It is obvious that columnist Michael Gerson had Kubler-Ross’s Five Stages of Grief in mind when he chronicled the White House’s five-staged response to last week’s jobs report:

One would think, given so much practice, that the Obama White House would have been better prepared for last week’s wretched jobs report.

Instead, we witnessed the five stages of bad public relations. Delusion: It was a “step in the right direction.” Dismissiveness: Don’t “read too much into any one monthly report.” Grudging acceptance: “It’s still tough out there.” Cliche: “There are no quick fixes.” Self-pity: “I suspect that most people in Cincinnati would acknowledge that I’ve tried real hard.”

Gerson points out that at some stage in this sorry narrative of failure “the lowering of expectations seems more like the acceptance of permanent decline — a new normal less ambitious and optimistic than the old.” As for the notion that this jobs report was a “step in the right direction,” I suspect that that on some level the president and Democratic National Committee head Debbie Wasserman-Schultz, who said something similar, and whose off the cuff remarks have made her a national treasure, believe that—or would, if it weren’t for the inconvenient political timing. After all, this jobs report doesn’t seem that drastic if you believe that the private sector is “doing fine.”

Because the Obama White House's faith in its policies is not shaken by reality, the White House’s response to the dismal jobs situation is: more of the same. We need tax hikes and regulation and more rhetoric about “the wealthy.” The president’s unveiling of an aggressive tax hike on “the wealthy” yesterday was more of the same.  Jonathan Tobin of Commentary points out why this move is both cynically political and dangerous to the pocketbooks of those who hardly number among the denigrated “millionaires and billionaires:”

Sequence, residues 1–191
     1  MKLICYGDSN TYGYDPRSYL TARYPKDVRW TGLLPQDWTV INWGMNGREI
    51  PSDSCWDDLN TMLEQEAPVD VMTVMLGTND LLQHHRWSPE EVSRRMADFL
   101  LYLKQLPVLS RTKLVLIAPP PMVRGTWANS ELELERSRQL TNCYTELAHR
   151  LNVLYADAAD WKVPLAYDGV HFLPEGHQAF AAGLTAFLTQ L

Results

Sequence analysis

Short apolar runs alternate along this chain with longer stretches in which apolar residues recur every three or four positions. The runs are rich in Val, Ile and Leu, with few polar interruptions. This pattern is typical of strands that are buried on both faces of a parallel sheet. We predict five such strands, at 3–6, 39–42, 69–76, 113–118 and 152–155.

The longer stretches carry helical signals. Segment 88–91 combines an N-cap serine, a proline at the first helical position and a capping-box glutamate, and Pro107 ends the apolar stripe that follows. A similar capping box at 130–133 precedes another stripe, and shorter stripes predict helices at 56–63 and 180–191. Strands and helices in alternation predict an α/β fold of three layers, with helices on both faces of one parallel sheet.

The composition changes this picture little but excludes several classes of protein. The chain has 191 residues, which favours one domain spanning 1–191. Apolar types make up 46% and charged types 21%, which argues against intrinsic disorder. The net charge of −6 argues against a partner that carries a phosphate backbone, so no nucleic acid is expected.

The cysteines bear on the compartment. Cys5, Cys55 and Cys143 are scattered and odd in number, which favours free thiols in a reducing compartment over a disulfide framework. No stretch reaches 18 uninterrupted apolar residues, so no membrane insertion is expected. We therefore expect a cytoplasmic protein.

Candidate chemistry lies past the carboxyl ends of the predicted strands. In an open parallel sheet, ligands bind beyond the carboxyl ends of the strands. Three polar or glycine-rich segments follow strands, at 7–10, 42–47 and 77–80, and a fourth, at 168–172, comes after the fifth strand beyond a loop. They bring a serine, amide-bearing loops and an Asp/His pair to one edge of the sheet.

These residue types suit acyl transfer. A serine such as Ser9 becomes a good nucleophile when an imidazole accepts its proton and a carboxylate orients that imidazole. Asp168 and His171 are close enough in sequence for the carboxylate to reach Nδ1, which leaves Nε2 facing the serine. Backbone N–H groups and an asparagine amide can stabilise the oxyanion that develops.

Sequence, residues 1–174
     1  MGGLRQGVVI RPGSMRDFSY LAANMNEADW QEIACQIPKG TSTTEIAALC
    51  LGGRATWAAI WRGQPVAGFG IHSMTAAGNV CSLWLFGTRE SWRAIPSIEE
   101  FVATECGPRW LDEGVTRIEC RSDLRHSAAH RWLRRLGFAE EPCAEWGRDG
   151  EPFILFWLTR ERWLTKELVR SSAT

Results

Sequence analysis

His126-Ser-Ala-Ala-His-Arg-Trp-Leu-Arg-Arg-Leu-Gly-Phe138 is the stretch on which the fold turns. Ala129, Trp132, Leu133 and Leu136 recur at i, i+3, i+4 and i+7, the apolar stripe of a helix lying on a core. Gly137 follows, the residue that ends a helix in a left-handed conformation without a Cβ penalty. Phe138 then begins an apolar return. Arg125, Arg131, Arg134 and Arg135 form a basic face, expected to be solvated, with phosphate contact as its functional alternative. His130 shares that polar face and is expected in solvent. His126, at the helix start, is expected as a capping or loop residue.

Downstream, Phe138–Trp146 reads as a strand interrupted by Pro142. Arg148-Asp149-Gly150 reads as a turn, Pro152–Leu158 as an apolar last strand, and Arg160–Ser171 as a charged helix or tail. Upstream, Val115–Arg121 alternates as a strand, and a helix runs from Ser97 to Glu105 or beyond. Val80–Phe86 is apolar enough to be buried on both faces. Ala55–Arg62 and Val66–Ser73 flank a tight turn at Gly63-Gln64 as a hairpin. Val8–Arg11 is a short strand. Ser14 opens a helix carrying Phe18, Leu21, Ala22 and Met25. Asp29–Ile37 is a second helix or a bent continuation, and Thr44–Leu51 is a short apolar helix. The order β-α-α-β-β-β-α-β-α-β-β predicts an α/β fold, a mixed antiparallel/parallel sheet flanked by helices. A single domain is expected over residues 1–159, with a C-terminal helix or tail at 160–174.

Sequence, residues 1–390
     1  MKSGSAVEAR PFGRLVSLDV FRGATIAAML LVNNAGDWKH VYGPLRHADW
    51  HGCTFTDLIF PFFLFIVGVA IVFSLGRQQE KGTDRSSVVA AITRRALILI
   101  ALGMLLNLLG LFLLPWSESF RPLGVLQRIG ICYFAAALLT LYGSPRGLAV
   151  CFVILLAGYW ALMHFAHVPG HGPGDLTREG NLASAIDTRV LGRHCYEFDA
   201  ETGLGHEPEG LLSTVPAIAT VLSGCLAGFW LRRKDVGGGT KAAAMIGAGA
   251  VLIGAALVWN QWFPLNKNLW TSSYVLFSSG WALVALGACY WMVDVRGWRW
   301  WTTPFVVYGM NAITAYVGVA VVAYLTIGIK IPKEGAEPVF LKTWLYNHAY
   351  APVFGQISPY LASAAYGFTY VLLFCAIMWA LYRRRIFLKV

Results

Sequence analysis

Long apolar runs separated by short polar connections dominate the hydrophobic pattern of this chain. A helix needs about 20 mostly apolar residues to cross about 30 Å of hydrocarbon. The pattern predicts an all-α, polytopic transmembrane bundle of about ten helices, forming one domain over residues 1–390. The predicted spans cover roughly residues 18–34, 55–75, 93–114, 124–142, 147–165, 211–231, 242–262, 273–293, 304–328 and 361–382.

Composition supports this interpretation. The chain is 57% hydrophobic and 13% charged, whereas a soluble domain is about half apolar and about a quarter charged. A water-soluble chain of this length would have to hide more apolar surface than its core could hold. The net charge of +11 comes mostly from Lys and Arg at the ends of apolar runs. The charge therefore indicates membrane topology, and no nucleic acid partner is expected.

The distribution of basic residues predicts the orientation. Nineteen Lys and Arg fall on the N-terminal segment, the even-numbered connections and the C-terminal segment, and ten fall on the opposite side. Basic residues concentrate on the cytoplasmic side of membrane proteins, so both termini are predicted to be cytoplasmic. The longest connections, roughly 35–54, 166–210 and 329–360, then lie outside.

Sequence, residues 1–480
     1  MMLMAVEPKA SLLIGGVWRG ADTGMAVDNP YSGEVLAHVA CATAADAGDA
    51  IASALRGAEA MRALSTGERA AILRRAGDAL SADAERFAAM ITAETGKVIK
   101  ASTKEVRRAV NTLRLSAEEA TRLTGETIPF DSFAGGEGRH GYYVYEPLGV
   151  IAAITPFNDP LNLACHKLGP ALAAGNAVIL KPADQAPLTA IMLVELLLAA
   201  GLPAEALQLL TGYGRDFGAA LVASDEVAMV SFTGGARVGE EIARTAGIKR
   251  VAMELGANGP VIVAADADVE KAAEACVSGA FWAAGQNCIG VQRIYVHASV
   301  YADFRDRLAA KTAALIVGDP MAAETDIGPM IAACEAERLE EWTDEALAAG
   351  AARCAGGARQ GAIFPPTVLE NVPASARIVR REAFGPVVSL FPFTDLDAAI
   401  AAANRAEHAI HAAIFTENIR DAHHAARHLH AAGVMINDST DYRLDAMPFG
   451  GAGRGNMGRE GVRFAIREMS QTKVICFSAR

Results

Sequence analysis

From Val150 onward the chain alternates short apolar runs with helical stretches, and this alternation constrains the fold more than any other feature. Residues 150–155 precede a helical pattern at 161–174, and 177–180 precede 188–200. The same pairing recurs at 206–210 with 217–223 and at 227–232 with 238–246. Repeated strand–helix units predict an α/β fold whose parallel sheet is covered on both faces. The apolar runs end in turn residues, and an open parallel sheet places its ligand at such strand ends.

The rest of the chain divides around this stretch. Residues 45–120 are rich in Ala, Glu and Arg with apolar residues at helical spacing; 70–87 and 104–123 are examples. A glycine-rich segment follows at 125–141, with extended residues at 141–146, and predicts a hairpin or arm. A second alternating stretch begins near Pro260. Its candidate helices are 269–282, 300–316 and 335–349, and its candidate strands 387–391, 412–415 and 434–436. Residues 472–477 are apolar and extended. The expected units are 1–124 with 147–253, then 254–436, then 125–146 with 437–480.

While calculated to play well with his faux working class campaign rhetoric, the president’s plan makes no economic sense. Implementing a massive tax increase on those with the capital to invest it and therefore create jobs is not the sort of thing that will help a flagging economy. Nor will it do anything to stem the bleeding that creates job reports such as the one released last Friday that illustrated the country’s unemployment problem. But, as James Pethokoukis writes at the American Enterprise Blog, the president’s dare to Congress to pass such a plan or to implement a simpler tax code is pure political baloney.

As Pethokoukis points out, had he really wished to push through a simplification of the tax code, he could have endorsed the Simpson-Bowles Commission recommendations. More to the point, Obama’s predilection has always been to eliminate all the Bush-era tax cuts, including those on the middle class. If he is re-elected, he may well implement his promise of the continuation of the current rates on those making less than $250,000. But the significant element of this stance is that he is not promising to keep them for his entire second term but only for the first year.

The key point here is the same one that concerns those who worry about American foreign policy in a second Obama administration: flexibility. Just as the president will be able to implement more “flexible” policies that may please Russia and displease Israel, so, too, he is more likely than not to do what he has always planned on doing if re-elected: raise everybody’s taxes.

While pesky in a campaign season, the current jobs figures aren't nearly as important The Mission is to a man who sees his office in personal terms and regards himself as a historic figure of vast significance in world history. A second term would give the president the flexibility to raise taxes on us all, thus putting enough money in the government’s coffers to make it the central, if not the only, center of authority in our nation. Completing the mission of fundamental of transformation of our country apparently takes two terms.